To all my fond rhapsodies, Charley,
You have wearily listened, I fear;
As yet not an answer you’ve given
Save a shrug, or an ill-concealed sneer;
Pray, why, when I talk of my marriage,
Do you watch me with sorrowing eye?
’Tis you, hapless bachelor, Charley,
That are to be pitied—not I!
You mockingly ask me to tell you,
Since to bondage I soon must be sold,
Have I wisely chosen my fetters,
Which, at least, should be forged of pure gold.
Hem! the sole wealth my love possesses
Are her tresses of bright golden hair,
Pearly teeth, lips of rosiest coral,
Eyes I know not with what to compare.
Don’t talk about all I surrender—
My club, champagne dinners, cigars,
My hand at écarté, my harmless
Flirtations with Opera “stars.”
Think of the pleasant home, Charley—
Home! I utter the word with just pride—
Its music, soft lights, countless comforts,
Over which she will smiling preside.
And picture in fancy the welcome
That will greet my arrival each night!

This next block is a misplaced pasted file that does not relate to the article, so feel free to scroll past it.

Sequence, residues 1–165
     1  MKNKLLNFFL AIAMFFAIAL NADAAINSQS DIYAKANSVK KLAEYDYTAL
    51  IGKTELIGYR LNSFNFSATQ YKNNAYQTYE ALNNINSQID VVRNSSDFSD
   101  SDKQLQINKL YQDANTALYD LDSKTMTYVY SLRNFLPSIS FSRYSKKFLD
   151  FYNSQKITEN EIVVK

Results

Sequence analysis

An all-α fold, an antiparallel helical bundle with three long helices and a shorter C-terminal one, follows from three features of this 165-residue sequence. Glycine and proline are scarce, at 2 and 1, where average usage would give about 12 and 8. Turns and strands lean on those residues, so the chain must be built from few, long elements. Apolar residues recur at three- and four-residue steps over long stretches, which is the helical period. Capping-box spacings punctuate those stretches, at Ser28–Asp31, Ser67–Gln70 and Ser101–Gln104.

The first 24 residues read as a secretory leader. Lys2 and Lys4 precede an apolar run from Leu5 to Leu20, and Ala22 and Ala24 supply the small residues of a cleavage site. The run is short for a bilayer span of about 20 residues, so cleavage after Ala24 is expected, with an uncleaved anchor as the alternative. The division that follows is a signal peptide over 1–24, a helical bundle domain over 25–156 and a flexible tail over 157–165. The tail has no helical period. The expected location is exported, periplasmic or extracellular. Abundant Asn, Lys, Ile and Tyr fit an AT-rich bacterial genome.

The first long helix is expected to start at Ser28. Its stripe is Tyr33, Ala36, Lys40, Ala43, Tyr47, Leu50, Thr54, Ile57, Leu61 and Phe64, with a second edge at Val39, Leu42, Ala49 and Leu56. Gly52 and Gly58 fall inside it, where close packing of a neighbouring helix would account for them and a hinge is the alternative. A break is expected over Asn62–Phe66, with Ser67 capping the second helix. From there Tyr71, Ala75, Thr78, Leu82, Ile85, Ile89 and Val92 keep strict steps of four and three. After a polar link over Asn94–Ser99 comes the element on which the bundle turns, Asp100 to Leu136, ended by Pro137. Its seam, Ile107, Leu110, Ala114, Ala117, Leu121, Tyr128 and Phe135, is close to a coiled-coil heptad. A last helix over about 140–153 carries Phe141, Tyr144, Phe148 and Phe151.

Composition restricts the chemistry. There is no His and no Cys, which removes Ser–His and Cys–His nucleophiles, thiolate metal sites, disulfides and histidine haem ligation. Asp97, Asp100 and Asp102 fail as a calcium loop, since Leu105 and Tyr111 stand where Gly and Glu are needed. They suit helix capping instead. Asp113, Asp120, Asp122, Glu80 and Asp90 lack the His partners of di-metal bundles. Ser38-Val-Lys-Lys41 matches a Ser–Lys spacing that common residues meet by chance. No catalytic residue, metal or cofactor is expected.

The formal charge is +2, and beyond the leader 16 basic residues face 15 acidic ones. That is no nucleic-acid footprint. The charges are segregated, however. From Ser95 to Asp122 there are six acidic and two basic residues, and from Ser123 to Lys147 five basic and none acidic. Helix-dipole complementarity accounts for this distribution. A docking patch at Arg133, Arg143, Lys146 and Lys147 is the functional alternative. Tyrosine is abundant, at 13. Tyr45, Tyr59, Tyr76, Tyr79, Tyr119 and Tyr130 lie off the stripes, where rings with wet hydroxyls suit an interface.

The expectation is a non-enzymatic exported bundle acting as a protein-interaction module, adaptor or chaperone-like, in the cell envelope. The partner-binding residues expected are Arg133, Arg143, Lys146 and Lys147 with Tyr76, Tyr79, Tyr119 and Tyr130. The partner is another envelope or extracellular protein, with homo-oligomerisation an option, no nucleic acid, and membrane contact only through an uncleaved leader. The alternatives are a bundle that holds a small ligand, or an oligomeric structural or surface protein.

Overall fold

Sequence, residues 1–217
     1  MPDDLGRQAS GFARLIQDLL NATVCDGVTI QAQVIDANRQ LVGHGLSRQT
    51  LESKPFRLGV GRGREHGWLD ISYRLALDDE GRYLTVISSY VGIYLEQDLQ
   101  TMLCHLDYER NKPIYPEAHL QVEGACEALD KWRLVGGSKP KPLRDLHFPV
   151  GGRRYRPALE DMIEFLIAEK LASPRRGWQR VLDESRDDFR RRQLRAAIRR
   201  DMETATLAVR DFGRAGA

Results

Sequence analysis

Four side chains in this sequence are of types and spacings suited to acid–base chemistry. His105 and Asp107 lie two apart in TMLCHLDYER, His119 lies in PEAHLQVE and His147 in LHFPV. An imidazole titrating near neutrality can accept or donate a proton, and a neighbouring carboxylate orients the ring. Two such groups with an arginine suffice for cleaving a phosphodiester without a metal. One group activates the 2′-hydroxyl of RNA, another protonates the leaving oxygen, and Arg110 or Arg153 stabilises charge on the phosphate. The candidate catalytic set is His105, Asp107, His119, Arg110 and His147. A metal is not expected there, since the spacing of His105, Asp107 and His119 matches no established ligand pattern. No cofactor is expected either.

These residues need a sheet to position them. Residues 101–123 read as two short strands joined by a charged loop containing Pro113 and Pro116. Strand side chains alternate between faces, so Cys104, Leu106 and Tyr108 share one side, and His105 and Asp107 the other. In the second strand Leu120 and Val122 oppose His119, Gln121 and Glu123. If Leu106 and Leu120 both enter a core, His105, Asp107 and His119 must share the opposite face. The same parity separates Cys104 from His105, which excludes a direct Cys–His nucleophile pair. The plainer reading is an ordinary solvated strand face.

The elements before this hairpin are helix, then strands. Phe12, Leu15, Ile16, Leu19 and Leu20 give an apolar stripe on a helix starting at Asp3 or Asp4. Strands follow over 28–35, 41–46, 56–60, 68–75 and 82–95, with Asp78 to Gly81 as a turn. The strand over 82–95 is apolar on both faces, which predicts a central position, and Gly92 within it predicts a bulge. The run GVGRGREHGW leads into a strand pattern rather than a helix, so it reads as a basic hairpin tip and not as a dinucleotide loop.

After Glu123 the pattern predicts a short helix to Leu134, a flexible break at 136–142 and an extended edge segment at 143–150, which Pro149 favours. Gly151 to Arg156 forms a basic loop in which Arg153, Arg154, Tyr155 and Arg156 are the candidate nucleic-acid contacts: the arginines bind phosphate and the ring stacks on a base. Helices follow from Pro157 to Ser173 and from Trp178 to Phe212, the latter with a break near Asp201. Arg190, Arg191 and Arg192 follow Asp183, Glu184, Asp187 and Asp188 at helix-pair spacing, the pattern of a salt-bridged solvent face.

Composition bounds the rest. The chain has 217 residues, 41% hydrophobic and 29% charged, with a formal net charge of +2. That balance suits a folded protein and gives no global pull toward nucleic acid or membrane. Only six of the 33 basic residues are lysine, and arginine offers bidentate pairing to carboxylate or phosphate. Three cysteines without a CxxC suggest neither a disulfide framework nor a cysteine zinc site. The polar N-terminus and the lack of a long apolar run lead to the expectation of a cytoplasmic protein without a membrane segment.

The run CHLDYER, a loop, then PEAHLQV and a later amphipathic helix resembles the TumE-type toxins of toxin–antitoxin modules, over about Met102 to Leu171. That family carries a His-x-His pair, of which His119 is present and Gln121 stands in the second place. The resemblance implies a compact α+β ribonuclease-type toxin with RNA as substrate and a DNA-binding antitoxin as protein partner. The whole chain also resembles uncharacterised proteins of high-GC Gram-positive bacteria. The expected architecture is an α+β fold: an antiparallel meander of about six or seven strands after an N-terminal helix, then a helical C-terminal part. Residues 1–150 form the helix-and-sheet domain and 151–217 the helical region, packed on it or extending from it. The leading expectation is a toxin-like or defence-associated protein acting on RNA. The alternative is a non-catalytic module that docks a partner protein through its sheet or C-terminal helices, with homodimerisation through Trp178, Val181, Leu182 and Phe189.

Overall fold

How she’ll help me to take off my wrappings
With her dear little fingers so white;
The sweet silvery voice that will utter
The airiest nothings with grace,
The smiles that will dimple all over
That loving and lovely young face.
If sickness should ever o’ertake me,
O! just think how cherished I’ll be—
What loving cares, gentle caresses,
Shall be showered on fortunate me;
While you in some lone, gloomy attic,
To dull death posting off at quick pace,
Will encounter no tokens of pity
Save the smirk on some pert waiter’s face.
And who, perhaps, twelve hours after,
Bringing up your weak tea and dry toast,
Will look in, find you “gone,” and drawl forth,
“Number ten has just given up the ghost.”
Then, Charley, to good counsel listen,
Brave not an old bachelor’s fate,
But, doing as I’ve done, go marry
A loving and loveable mate.